Easier Said Than Done: Death by Committee
And if it’s hard on quality, it’s death to innovation. The less familiar something is, the more a committee attacks. Fear of the unknown grows into “Lord of the Flies” groupthink; and you can kiss innovation goodbye.
The weird thing is, nearly everyone knows that a committee is a terrible way to produce good work. Yet they live on, doing damage every day.
How can we make it better?
With a generational change about to sweep in a new crop of more demanding donors, you’ll need exceptional work and box-busting innovation.
If you have the power to do so, ban the fundraising review committee. Replace it with two or three people who have specific and relevant expertise. Limit their authority to their areas of competence. And make sure these same people are held responsible for fundraising results. That will keep them focused and realistic.
But if you don’t have that power and are yourself just another face on the committee, you can make things better. You could resign from the committee. On a raw numbers basis, that might be good. But I have a feeling your committee would be even worse off without you.
Instead of giving up, try these three things:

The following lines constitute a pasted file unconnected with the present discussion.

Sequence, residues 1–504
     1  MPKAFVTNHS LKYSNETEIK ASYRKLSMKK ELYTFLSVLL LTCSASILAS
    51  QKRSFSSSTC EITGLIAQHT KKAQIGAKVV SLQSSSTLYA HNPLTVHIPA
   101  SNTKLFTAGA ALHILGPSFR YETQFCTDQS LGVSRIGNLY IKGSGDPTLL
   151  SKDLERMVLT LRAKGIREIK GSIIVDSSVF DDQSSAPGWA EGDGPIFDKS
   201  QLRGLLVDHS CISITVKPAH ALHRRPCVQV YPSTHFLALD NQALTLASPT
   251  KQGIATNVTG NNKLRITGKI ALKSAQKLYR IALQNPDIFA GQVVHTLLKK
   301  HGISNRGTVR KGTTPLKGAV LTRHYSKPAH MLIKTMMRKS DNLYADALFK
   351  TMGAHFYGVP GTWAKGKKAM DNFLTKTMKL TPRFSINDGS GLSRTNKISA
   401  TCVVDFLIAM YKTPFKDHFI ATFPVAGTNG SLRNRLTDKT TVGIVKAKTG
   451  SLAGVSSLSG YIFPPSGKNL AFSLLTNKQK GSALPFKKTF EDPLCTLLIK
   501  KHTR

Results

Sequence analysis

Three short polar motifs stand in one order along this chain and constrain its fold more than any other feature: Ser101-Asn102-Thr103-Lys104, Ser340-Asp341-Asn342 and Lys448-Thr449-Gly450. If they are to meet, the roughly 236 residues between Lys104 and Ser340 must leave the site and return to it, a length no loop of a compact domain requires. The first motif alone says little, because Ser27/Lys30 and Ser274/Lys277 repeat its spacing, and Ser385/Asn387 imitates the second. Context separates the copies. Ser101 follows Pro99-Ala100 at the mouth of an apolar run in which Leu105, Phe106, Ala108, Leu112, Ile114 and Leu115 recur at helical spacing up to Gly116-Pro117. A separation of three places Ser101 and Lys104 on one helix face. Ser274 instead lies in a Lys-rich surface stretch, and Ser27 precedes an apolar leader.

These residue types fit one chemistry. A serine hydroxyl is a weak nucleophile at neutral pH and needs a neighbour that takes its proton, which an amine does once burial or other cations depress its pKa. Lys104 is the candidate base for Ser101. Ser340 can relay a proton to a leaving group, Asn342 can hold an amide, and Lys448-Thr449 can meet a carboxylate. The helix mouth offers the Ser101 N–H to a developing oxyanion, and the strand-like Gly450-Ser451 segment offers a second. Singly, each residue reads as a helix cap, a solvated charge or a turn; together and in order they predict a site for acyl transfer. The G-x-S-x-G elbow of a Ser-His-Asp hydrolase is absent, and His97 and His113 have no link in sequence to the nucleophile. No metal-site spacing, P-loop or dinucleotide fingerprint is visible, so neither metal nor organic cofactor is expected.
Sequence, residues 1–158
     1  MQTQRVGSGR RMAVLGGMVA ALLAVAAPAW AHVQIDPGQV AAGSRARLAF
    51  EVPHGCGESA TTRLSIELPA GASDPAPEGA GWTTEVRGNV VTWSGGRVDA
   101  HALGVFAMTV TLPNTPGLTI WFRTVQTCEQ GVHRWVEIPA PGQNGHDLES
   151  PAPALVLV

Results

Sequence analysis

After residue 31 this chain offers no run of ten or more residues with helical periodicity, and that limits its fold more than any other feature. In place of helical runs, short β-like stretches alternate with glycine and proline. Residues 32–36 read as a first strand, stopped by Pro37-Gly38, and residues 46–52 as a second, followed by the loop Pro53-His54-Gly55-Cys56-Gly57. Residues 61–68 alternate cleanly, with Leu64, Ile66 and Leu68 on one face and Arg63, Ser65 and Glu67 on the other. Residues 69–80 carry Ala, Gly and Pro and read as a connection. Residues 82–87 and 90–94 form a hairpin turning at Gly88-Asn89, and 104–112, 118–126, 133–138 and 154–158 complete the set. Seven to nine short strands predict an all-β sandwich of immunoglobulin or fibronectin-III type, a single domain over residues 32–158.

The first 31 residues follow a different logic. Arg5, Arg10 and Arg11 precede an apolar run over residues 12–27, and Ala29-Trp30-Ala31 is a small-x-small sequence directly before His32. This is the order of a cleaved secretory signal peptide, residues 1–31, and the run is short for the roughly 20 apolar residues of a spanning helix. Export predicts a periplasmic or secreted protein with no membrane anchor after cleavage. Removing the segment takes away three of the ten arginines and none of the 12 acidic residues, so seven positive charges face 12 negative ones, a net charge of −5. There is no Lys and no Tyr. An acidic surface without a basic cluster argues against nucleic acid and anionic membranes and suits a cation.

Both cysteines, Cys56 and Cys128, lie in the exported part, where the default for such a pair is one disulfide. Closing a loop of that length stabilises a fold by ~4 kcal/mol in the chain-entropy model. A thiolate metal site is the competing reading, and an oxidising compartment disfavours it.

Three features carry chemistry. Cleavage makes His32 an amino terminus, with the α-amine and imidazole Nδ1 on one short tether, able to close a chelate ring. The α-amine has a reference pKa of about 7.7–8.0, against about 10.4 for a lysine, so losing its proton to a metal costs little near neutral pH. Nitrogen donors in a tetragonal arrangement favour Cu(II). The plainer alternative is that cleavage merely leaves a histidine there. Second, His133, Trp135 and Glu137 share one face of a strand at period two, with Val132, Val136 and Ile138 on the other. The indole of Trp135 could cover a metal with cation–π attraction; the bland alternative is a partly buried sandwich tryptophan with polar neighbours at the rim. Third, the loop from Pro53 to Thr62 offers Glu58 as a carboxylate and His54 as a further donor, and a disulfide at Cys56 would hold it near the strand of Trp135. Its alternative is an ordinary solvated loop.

- Limit your comments. Hold your tongue and suggest changes only when you are squarely within your expertise and you have facts to back you up.
- Work to enlighten fellow committee members. Bring in documentation from the experts. Build the case for fact-based judgment over opinion-based judgment.
- Advocate restraint. You might be able to impact your committee’s culture and make it less destructive. Your fellow members likely are open to becoming a different kind of group for the good of your organization.
I know: That’s all much easier said than done. As long as the committee exists, it will behave as a committee. But the fundraising world needs fast, strong and intelligent horses as we face the challenges ahead. The committee as we know it isn’t going to give us that.